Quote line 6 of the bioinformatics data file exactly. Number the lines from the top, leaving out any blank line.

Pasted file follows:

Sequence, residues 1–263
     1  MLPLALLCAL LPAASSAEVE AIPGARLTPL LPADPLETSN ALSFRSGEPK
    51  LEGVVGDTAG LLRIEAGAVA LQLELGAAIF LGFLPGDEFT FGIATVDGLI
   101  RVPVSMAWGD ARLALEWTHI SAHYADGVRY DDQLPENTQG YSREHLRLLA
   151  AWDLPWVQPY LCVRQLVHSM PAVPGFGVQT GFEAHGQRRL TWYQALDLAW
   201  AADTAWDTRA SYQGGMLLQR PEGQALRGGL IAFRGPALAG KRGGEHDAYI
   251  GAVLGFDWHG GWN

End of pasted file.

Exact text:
   201  AADTAWDTRA SYQGGMLLQR PEGQALRGGL IAFRGPALAG KRGGEHDAYI